“Hitting the target is an absolute must,” states Garrett Morrison on The Fried Egg’s excellent podcast about the changes to the East Course at Oak Hill Country Club. Much has been said and written about the work done on a course that has staged three previous US Opens, three PGAs, a Ryder Cup and US Amateur Championships. Consulting architect Andrew Green’s “historical renovation” of the East Course is sympathetic to the original 1925 design of Donald Ross. Green has removed many trees, reconnected with Ross’s “wild green shapes” and added bunkering that he describes as “bold and aggressive”.
‘Plateau’, the par-3 15th, is one of the most eye-catching changes. The hole comes in the middle of a fine closing stretch, and straight after the drivable par-4 14th. Players will be confronted with a glimmering mirage of green amid potential carnage. The pond that Tom and George Fazio introduced to the right of the green in the 1970s has been removed and replaced with a closely mown run-off area. Anything leaking right will need to be rescued with an expertly played chip shot over a high lip to a narrow target.
The slope at the back is severe, as are the contours running through the green
The two spectacle bunkers at the front and the one running down the left side, are new. They're deep and set into lower slopes of the turret on which the green is perched. The slope at the back is severe, as are the contours running through the green, not least the spine that runs through the middle.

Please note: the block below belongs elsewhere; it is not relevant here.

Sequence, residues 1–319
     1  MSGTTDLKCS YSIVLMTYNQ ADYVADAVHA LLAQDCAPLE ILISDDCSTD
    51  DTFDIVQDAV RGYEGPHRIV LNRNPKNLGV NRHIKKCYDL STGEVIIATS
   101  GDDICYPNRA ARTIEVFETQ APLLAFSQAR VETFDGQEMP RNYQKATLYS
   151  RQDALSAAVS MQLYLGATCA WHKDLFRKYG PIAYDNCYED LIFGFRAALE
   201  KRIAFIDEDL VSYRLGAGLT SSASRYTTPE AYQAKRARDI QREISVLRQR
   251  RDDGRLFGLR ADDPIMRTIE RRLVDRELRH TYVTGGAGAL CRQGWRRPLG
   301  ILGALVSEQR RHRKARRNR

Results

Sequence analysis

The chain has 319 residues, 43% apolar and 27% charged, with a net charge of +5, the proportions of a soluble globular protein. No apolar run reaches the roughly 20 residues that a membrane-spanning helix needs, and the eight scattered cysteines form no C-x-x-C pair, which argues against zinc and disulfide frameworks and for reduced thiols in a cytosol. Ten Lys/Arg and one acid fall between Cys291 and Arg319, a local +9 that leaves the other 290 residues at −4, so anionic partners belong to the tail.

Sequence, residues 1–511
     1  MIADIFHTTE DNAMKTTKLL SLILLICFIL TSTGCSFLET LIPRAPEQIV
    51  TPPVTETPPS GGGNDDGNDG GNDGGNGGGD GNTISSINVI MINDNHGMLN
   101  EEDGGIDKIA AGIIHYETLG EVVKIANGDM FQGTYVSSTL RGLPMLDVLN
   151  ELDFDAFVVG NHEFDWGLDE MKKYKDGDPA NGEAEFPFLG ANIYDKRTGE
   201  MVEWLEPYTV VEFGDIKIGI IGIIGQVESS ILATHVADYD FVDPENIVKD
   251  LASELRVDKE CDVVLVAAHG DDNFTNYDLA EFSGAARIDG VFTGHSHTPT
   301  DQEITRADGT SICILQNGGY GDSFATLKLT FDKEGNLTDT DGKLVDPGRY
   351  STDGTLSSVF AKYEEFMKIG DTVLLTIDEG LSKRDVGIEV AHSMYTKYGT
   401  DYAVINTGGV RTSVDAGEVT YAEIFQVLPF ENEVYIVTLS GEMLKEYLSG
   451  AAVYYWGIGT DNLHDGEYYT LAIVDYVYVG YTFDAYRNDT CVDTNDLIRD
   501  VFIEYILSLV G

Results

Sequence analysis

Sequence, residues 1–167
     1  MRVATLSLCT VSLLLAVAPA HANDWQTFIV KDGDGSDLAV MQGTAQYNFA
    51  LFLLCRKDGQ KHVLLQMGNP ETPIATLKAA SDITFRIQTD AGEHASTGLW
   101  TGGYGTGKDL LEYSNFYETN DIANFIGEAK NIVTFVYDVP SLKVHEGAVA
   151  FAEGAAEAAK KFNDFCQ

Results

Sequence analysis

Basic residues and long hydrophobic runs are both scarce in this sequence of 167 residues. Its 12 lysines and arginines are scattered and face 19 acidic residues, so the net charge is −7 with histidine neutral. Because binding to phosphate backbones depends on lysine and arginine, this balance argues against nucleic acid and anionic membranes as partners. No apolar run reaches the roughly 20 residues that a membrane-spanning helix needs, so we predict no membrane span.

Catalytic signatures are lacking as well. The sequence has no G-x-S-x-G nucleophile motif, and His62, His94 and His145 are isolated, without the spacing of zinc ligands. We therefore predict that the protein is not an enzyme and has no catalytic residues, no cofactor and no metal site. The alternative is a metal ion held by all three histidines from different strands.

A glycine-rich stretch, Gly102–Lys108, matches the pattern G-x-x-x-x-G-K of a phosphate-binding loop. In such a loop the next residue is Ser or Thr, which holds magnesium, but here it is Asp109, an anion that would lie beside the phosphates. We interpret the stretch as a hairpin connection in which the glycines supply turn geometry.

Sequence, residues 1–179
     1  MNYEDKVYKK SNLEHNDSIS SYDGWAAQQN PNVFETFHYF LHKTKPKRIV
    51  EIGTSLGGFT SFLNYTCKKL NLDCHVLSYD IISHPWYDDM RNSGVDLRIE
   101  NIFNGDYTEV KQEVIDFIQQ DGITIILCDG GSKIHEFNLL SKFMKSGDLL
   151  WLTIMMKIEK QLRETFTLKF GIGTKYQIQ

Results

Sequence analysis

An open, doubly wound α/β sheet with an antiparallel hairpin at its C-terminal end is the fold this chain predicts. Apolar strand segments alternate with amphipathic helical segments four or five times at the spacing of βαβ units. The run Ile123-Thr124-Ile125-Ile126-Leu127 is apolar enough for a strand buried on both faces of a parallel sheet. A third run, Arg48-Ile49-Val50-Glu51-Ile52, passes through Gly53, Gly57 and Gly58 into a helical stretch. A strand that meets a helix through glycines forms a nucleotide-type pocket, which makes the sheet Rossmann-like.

The Clippd data science team selected four likely pin positions and used Clippd’s “Digital Twin” technology to define the best play for each. Aim for the middle of the green and get out with a par? Or take dead aim and give yourself the best chance of a major-clinching birdie?
In the absence of professional shot data on this redesigned hole, "Digital Twin" provides the insight required. This technology allows us to simulate millions of on-course shots, played by a digital version of the average Tour pro.
Several factors are built into these simulations, including green firmness, rough height, elevation change, weather conditions, the presence of hazards around the green/flag and even the extent to which a player is short-sided. For the purposes of this analysis we have assumed fairly neutral weather conditions with little wind and no rain, that the greens will be playing firm and fast and the rough deep (approx. 4 inches).
We can harness the inherent randomness associated with the outcome of individual shots
So, conservative or aggressive? To answer the question we then simply simulate (on the order of 10k times) this average tour pro playing the hole in two parallel scenarios, one in which he fires straight at the pin and the other where he takes the “safe” option and hits to the middle of the green. By aggregating such a large volume of simulations we can harness the inherent randomness associated with the outcome of individual shots and estimate the likelihood of particular events such as the probability of birdie/bogey.